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April 6, 2009


Illinois Attorney General Joins U.S. Treasury Secretary, U.S. Attorney General, Federal Trade Commission and HUD Leaders in Coordinated Plan to Protect At-Risk Homeowners

Washington, D.C. — Attorney General Lisa Madigan has filed two lawsuits in Cook County Circuit Court against Chicago-area mortgage rescue fraud schemes seeking temporary restraining orders to immediately stop the defendants from providing mortgage rescue services. Madigan made the announcement as part of a press conference today in Washington, D.C., with U.S. Treasury Secretary Timothy Geithner, U.S. Attorney General Eric Holder, Federal Trade Commission Chairman Jon Leibowitz and U.S. Housing and Urban Development Director Secretary Sean Donovan, to discuss a coordinated effort by federal and state authorities to protect at-risk homeowners from mortgage foreclosure rescue fraud.

"Struggling homeowners need to know that free help is available," Attorney General Madigan said. "We have repeatedly found that these operations are swindling desperate homeowners out of money they can't afford to lose. The lawsuits I have filed prove they don't provide any help. They don't call your lender, they don't modify your loan, and they don't represent you in court if you're in foreclosure. All they do is take your money."

Madigan filed complaints against Centurion Loss Mitigation Group, a Chicago-based operation and its owner Carlos A. Gomez, and Cash VIP, a Melrose Park, Ill.,-based operation and its owner Fernando Rios, also known as Fernali Ferrice. With these new filings, Madigan has brought lawsuits against 24 mortgage rescue fraud schemes. Of those, the Attorney General, to date, has received judgments in nine cases, including more than $1.8 million in restitution for homeowners.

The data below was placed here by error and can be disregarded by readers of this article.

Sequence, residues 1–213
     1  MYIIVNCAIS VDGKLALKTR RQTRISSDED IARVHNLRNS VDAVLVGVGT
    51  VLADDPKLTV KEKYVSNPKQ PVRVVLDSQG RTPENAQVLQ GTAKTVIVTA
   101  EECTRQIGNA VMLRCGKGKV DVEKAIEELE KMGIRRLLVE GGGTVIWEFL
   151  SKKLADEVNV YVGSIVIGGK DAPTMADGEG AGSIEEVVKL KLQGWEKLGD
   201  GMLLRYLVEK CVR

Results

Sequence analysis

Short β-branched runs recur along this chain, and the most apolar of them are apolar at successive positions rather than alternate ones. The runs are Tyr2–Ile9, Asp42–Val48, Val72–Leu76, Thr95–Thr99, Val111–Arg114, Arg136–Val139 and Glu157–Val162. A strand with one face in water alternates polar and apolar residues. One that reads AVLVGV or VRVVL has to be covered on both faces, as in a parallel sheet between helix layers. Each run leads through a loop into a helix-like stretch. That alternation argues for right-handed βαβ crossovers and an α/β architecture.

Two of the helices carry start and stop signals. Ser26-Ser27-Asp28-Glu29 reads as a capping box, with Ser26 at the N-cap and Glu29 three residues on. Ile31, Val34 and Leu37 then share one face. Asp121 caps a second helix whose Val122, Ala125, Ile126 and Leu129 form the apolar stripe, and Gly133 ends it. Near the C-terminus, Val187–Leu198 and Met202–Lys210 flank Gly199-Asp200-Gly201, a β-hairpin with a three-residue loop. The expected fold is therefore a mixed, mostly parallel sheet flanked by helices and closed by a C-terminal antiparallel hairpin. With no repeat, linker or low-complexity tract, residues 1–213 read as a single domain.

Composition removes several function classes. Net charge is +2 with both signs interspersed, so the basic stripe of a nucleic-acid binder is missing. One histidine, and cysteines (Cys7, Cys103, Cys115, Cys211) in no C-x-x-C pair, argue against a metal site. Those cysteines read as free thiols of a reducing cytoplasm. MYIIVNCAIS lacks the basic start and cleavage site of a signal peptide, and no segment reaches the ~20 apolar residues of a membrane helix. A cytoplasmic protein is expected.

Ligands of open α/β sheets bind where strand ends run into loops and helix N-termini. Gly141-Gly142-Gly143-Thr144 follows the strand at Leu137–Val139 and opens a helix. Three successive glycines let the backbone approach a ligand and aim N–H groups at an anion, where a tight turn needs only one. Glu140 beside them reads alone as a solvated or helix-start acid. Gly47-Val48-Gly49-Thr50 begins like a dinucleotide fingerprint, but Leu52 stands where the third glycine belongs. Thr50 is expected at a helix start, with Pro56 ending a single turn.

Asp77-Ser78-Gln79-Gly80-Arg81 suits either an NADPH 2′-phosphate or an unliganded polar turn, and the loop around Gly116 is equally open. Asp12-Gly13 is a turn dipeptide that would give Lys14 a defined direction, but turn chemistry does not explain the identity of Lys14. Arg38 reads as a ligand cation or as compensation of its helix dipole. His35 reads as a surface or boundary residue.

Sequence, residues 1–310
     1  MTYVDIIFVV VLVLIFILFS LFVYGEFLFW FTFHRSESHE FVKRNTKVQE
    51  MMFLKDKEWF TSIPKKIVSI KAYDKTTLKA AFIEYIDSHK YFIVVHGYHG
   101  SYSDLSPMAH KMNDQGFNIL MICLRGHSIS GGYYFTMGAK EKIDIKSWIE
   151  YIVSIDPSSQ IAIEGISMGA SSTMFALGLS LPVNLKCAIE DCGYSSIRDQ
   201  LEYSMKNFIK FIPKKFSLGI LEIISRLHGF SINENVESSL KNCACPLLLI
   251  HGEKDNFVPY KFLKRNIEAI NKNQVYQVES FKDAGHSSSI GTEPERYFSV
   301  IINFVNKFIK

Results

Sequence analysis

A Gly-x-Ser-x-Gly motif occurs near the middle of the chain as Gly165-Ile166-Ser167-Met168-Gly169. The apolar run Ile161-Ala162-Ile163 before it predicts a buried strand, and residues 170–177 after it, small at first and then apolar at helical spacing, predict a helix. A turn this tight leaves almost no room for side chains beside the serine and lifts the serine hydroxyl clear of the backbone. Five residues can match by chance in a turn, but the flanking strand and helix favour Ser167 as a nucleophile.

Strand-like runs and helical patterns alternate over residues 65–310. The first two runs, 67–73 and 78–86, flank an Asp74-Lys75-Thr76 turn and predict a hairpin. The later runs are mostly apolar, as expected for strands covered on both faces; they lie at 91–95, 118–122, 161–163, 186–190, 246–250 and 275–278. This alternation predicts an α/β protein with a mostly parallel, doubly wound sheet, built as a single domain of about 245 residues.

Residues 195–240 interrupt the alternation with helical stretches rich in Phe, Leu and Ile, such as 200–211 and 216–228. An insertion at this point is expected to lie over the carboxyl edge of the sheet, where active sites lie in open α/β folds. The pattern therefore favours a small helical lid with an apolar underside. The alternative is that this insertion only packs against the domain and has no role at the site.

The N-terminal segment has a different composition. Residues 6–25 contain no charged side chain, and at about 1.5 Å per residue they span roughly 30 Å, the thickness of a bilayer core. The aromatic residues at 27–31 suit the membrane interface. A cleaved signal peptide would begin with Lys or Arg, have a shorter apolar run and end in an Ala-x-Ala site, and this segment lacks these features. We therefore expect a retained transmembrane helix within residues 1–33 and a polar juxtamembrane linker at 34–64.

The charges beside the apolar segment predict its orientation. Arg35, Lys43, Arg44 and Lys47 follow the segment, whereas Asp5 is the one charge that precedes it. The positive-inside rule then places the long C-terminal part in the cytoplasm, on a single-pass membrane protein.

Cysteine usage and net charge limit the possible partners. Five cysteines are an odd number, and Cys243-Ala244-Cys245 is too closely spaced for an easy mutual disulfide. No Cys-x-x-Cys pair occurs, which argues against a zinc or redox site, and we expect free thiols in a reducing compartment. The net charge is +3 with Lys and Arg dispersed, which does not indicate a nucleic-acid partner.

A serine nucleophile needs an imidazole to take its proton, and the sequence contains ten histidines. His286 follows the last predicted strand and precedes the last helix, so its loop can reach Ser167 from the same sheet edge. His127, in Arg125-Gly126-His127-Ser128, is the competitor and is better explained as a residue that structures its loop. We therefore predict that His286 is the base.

In each of today's lawsuits, Madigan alleges that the defendants advertise in Spanish-speaking communities that they can help homeowners who have fallen behind on their mortgage payments and, for an upfront fee, will negotiate with mortgage lenders to reduce the payments and save consumers' homes. However, according to Madigan's complaints, after the fraudulent operations collect the upfront fees, they fail to negotiate or perform any services on behalf of the homeowners, leaving consumers at even greater risk of losing their homes to foreclosure.

According to the lawsuit, Centurion, which claims to be a community counseling agency, allegedly charges a $1,500 upfront fee for negotiation services that it promises will help lower homeowners' mortgage payments or interest rates, thereby improving the consumers' credit rating. Madigan's Consumer Fraud Bureau received a complaint against the operation showing that a consumer lost her home shortly after contacting Centurion for help.

In the Cash VIP lawsuit, Madigan alleges the defendants sell credit and foreclosure "orientation" services, which require consumers to enroll in a one-year "membership club" and pay an upfront $575 application fee, $50 enrollment fee and a monthly fee of $69-89, as well as a final "success fee" that ranges from one to two percent of the loan amount. Although the defendants purport to provide credit services, they have never registered with the Illinois Secretary of State as a credit services organization as required by law. Madigan's Consumer Fraud Bureau is aware of 29 complaints against the company.